J. D. Scholten, a Democrat who nearly toppled Representative Steve King of Iowa in a heavily Republican district in 2018, announced on Monday that he would run again for the seat in 2020. His decision sets up a possible rematch with Mr. King, whose history of racist remarks has made him a pariah among Republican leaders, though not always with voters.
“Last time, we were hoping to win,” Mr. Scholten said in an interview before the announcement. “Now, we are expecting to win. We know how to do it.”
Mr. King was stripped of his congressional committee assignments this year by House Republicans, after he questioned why white nationalism was offensive. He later said he had nothing to apologize for and would run in 2020 for a 10th term in his deeply conservative district in northwest Iowa.
If he survives a primary challenge next year, Mr. King will appear on the same ballot as President Trump, whose nativism and anti-immigrant remarks Mr. King long foreshadowed. In Mr. King’s Fourth District, which Mr. Trump won by nearly 30 points, voters in the past have either agreed with or overlooked Mr. King’s divisive language about Latino migrants, who sustain much of the agricultural economy there.
“Having Steve King have a voice in Congress, I think that’s at the root of why I feel it’s so important to get him out of office,” Mr. Scholten said.
Mr. Scholten, a former minor league baseball player and a fifth-generation Iowan, said he would once again crisscross the 39 counties of the largely rural district in an R.V., overnighting in Walmart parking lots, while engaging with voters about health care, agriculture and getting corporate money out of politics.
Mr. Scholten, 39, weighed running against Senator Joni Ernst, a potentially vulnerable Republican, but learned in June that national Democrats, including Senator Chuck Schumer, the minority leader, were backing a different challenger, Theresa Greenfield.
“Ultimately, I would have a tough time abandoning what we were able to accomplish and watch Steve King get re-elected if I were to run in that race,” Mr. Scholten said over the weekend. “And, I mean, the Fourth District is where my heart’s at.”
Iowa will be in the political spotlight next year, not just for its presidential caucuses in February, but also because it will feature competitive races up and down the ballot in November, for the Senate and all four of its congressional seats.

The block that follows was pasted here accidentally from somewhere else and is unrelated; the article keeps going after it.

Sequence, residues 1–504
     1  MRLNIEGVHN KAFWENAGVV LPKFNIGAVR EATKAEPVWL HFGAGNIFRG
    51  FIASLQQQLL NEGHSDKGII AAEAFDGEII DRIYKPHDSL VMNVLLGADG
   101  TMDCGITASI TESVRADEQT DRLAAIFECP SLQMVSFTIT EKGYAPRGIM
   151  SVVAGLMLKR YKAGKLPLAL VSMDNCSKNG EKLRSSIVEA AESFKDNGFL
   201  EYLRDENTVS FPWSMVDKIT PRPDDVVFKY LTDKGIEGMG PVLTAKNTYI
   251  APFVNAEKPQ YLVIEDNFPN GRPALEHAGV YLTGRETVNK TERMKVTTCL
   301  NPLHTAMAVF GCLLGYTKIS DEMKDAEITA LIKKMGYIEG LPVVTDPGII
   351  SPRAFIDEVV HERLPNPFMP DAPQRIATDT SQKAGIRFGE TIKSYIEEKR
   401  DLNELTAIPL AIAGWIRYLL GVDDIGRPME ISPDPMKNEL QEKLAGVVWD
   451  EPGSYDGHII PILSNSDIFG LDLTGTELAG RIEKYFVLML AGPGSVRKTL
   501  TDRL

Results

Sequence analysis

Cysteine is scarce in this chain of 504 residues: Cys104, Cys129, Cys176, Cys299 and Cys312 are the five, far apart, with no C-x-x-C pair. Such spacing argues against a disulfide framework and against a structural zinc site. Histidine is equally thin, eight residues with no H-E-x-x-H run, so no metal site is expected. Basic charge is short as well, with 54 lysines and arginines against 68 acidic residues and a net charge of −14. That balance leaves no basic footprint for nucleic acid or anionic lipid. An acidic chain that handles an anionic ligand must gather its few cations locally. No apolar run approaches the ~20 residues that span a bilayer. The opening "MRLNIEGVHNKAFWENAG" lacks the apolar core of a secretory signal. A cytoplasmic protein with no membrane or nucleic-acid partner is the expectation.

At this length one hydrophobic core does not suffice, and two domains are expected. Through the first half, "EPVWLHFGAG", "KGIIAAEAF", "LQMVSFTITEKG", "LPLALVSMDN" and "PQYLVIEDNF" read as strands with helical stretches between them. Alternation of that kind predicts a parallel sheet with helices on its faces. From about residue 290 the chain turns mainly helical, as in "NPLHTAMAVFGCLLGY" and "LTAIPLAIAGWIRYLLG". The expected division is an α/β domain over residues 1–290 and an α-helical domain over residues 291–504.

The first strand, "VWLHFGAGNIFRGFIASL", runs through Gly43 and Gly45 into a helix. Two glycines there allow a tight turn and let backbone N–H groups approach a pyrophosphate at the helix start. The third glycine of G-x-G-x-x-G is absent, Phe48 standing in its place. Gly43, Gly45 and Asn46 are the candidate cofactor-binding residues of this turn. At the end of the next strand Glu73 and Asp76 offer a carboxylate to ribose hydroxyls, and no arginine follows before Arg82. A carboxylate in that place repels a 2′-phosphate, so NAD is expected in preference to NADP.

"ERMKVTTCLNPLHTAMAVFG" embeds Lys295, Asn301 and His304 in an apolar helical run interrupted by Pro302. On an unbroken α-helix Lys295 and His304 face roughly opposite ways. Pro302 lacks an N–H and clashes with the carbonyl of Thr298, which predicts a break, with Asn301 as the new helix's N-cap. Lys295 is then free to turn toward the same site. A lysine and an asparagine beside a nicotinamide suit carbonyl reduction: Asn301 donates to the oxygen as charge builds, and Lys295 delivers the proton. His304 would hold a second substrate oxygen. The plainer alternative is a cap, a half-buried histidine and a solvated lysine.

To win re-election, Mr. King must first defeat three primary challengers, most prominently Randy Feenstra, a state senator who has outraised him with the support of the Republican establishment. Mr. King brought in just $91,000 in the quarter ending in June, compared with Mr. Feenstra’s $140,000.
Money, however, has never mattered much in Mr. King’s re-elections. He has nearly universal name recognition in his district, and, until recently, voters broadly embraced his pugnacious personality and positions on bedrock conservative issues like abortion and gun rights.
Mr. Scholten, who outspent Mr. King nearly four to one in 2018, came within three percentage points of unseating him after the congressman endorsed a candidate for Toronto mayor with neo-Nazi ties and, in an interview with an Austrian publication that surfaced late in the race, seemed to endorse the “Great Replacement,” a conspiracy theory espoused by white supremacists.
In January, in an interview with The New York Times, Mr. King said, “White nationalist, white supremacist, Western civilization — how did that language become offensive?”
House Republican leaders removed him from the Judiciary and Agriculture Committees, while Mr. King defended himself by saying his remarks had been taken out of context.
Many Democratic politicians issued fresh condemnations of white nationalism over the weekend after at least 29 people were killed in mass shootings in El Paso and Dayton, Ohio, and some placed a portion of the blame on Mr. Trump’s remarks. The authorities said they were investigating the El Paso shooting as a possible hate crime.
“Words have consequences,” Mr. Scholten said when asked about the shootings. “The hatred and racism that has become too commonplace in our country does fuel violence.”
Despite his yearslong history of racist remarks, Mr. King was rebuked by Republican leaders only recently. Senator Ernst denounced Mr. King this year, but she has campaigned with him in the past, eager for the support of his voters in the state’s most conservative region.
Should Mr. Feenstra or one of the other primary challengers emerge as the nominee, Republicans would quite likely have an easier time against Mr. Scholten without Mr. King’s baggage.
If Mr. King wins the nomination, Mr. Scholten would have to win the votes of many Republicans and unaffiliated voters to defeat the congressman in a district where active registered Republicans greatly outnumber Democrats. Mr. Scholten lost to Mr. King by about 10,000 votes last year, out of 313,000 cast.
“We got 24,000 more votes last time than there are Democrats in the district,” Mr. Scholten said. “I have to do even better than that this time.”
Strategists for both parties in Iowa said they would still consider Mr. King the favorite if he became the nominee.
“Republicans in the Fourth District have not yet indicated they’ve had enough” of Mr. King, said Kurt Meyer, a Democratic county chairman in the First District. “If a Democratic candidate for president runs strong in Iowa, there’s maybe a one-in-three chance we take him out.”